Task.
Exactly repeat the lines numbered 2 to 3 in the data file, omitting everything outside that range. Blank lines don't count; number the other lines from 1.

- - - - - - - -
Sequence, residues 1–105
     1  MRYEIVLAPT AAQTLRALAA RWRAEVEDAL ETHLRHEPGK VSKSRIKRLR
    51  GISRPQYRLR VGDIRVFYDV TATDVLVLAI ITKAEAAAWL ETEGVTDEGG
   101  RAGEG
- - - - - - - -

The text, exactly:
     1  MRYEIVLAPT AAQTLRALAA RWRAEVEDAL ETHLRHEPGK VSKSRIKRLR
    51  GISRPQYRLR VGDIRVFYDV TATDVLVLAI ITKAEAAAWL ETEGVTDEGG